Jojo was released from prison on January 3rd, 2017, and has re-united with his beautiful wife and three young children. He’s been given a Second Chance, and we wish him the very best!!
The time period for this first-hand account of events takes place November of 2005 in Falluja. My unit, which was entrusted to clear convoy routes for medical and ordinance convoys, had been in country for 10 days, when command sent word down the chain for the men with boots on the ground to come up with ways to strength friendly relations with the locals, and especially children ages 4-12.
Here we were a bunch of 18-25-year-old men in combat for the first time, sitting in the most dangerous place on the planet, and doing a job only an insane person would consider. And they wanted us to make these people our friends. “Command is out of their minds,” we all said. But hey, orders are orders.
At first, like most of my brothers, I would carry small candies or chocolate bars from my care packages sent from home, and hand them out to young kids. As a team, we all immediately understood and recognized the tactical benefit of the sweets. When we would come into a village we knew two things: if the kids came to get sweets, we were good.
Click to hear Jojo's story in his own words
If they didn’t show up, we knew to expect possible contact from a hostile force. Giving sweets was never something personal for me – it was a task with a positive outcome for a tactical situation. It became a tool of the trade, nothing more.
I was 18 years old, no kids of my own, and when I looked at these kids, all I saw were future soldiers: the next generation growing up to hate Americans. In one of my care packages, my 6-year-old niece sent me a Bugs Bunny key chain. She included a little note that said it was for luck, so her uncle would come home to her. It was that little key chain, worth probably $0.50, that would forever change the way I looked at those kids.
Map of Iraq (Google Maps)
In mid-January of 2006, eight of my brothers and myself were out on a standard patrol, just like a hundred times before, in some village none of us could say the name of without butchering it, when a young child of 9-10 years saw that Bugs Bunny key chain hanging on my pack. He kept pointing at it, and through our translator from the local Afghan Army, I found out that the kid did not know who Bugs Bunny was. I couldn’t believe that, so through the translator I tried explaining who Bugs Bunny was. There I was, hopping around with my hands held above my head like bunny ears (in full combat gear, mind you), and this kid was cracking up laughing. So I gave him that damn key chain. And boy did his eyes light up!
It was in that moment that I realized these were just normal kids. I wanted to see them smile more. It made me think of when I would goof off and draw with my niece back home. So when we got back to the F.O.B., I went to the canteen to see if they had any art supplies, like colored pencils, paper, scissors, etc. Turned out, one of the community care packages had what I needed. I had always enjoyed drawing and I had an idea, so that night I drew two Bugs Bunny cards and a Tazmanian Devil card. Nothing special – the cards were about 2 inches tall by 3 inches wide, and inside I would write small things like, “The Army Loves You”, or “Have A Nice Day”, and have the translator write it again in Arabic underneath so they could read it.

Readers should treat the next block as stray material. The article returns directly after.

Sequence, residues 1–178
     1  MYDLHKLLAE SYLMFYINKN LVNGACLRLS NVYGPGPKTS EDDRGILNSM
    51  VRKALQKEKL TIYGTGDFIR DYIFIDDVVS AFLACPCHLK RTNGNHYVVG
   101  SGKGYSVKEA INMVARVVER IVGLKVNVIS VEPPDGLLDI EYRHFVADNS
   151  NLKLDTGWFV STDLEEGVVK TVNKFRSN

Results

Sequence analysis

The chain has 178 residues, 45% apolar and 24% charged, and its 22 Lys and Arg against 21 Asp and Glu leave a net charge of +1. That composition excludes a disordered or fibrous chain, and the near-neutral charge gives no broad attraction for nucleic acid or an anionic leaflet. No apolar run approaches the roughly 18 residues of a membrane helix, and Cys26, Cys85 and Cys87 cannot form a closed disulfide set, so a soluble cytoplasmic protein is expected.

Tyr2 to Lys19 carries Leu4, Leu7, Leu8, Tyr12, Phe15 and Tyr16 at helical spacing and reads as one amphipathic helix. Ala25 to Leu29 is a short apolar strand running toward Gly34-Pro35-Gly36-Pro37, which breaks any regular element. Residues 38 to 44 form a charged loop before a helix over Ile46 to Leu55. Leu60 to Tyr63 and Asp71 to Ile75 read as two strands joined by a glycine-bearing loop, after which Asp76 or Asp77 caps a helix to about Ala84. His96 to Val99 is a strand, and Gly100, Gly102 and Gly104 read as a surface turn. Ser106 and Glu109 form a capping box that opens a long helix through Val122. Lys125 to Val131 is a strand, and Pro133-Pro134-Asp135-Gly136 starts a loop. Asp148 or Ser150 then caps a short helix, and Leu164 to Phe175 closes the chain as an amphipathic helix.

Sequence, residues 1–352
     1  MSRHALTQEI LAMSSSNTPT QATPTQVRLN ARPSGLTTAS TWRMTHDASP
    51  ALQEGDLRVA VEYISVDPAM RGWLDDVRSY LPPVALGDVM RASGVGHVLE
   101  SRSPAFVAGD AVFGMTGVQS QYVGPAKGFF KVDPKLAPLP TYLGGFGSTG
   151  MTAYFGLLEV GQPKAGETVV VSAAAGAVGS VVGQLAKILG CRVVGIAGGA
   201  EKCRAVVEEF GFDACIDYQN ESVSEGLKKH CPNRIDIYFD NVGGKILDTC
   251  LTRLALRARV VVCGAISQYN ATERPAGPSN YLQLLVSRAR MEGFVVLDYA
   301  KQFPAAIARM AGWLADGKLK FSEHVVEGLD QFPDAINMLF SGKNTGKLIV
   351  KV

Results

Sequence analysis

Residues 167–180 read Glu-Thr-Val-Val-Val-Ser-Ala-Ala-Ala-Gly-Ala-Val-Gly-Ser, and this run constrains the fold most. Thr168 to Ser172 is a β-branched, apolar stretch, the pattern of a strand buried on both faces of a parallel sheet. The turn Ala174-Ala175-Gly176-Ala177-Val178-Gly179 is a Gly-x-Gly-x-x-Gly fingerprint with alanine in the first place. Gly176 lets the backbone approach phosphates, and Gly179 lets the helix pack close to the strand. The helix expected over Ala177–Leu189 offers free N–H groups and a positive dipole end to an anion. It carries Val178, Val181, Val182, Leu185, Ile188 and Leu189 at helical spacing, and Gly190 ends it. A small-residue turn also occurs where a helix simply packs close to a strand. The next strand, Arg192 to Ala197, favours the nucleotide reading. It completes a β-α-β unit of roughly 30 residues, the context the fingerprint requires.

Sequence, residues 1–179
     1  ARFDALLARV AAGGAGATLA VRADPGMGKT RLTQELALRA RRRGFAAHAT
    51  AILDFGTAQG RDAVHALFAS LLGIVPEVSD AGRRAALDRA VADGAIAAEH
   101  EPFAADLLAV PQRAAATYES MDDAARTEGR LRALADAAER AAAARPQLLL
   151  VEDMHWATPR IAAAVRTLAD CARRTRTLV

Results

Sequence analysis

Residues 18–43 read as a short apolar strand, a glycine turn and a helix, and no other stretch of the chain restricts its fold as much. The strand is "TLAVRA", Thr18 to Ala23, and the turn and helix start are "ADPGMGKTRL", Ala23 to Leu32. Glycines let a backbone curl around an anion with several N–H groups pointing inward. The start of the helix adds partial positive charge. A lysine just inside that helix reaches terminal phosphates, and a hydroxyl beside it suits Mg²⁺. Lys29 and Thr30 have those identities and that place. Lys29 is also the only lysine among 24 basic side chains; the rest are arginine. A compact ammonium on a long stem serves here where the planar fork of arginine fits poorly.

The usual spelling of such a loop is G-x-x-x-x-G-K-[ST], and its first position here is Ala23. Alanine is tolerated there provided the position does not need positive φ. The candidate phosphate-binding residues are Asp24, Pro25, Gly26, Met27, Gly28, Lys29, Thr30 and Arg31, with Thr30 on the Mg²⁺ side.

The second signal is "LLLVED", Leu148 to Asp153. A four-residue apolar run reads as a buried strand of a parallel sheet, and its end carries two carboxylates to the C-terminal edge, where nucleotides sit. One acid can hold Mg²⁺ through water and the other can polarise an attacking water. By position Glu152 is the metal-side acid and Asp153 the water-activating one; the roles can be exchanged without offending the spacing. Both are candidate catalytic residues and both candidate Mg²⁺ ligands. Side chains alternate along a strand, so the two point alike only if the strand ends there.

I gave the Tazmanian Devil card to the kid I’d previously given the key chain to (he was a regular). Later he found us again, and had brought along some friends. I only had two more cards, so I told them to share them with their friends and I that I would make more. And I did. I had all the guys have their family sending supplies. I’d spend most of my down time during the week drawing these cards, and then me and the guys would hand them out on patrols. The kids loved them – we would probably hand out 20-30 cards every week. The kids wanted them more than the chocolate!
Satellite Map of Fallujah (Google Maps)
That was a 12-month deployment to the worst place you could imagine, and here I was drawing cartoons to make kids smile. It became personal for me, as I’m sure it did for many of my brothers and sisters in arms who likewise found small ways to show love and friendship to a culture of people who didn’t understand us, and vice versa.
I continued this throughout two additional deployments to Baghdad. Each with its own set of obstacles and frustrations, but the cards I hand-made continued to be a big hit with the kids, and a bright spot in a place far away from home. My last deployment ended in February 2009. Twenty-nine days later, in May, I was sent to prison. My is almost up, and I’m ready for what comes next, even after all these years (nearly 11 in total). Re-living this memory reminds me why I love art so much, and how it is not only an integral part of who I am as a human being, a father, and a husband, but how intertwined it is with the solider in my blood.
Art gave me this incredible memory – it’s something that lives inside of me, something with it’s own pulse and life. A gift from God, to be shared.
NOTE: For desktop viewers, the background image of this page has been sourced from the public domain, and is not an actual photograph of the artist.